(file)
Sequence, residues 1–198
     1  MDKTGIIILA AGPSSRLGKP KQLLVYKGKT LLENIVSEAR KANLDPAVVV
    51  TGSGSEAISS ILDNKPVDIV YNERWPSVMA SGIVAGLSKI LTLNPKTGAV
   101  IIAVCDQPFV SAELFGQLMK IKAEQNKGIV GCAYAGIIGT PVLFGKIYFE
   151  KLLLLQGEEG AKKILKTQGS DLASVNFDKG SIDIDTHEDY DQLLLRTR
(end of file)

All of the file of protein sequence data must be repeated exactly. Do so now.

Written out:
Sequence, residues 1–198
     1  MDKTGIIILA AGPSSRLGKP KQLLVYKGKT LLENIVSEAR KANLDPAVVV
    51  TGSGSEAISS ILDNKPVDIV YNERWPSVMA SGIVAGLSKI LTLNPKTGAV
   101  IIAVCDQPFV SAELFGQLMK IKAEQNKGIV GCAYAGIIGT PVLFGKIYFE
   151  KLLLLQGEEG AKKILKTQGS DLASVNFDKG SIDIDTHEDY DQLLLRTR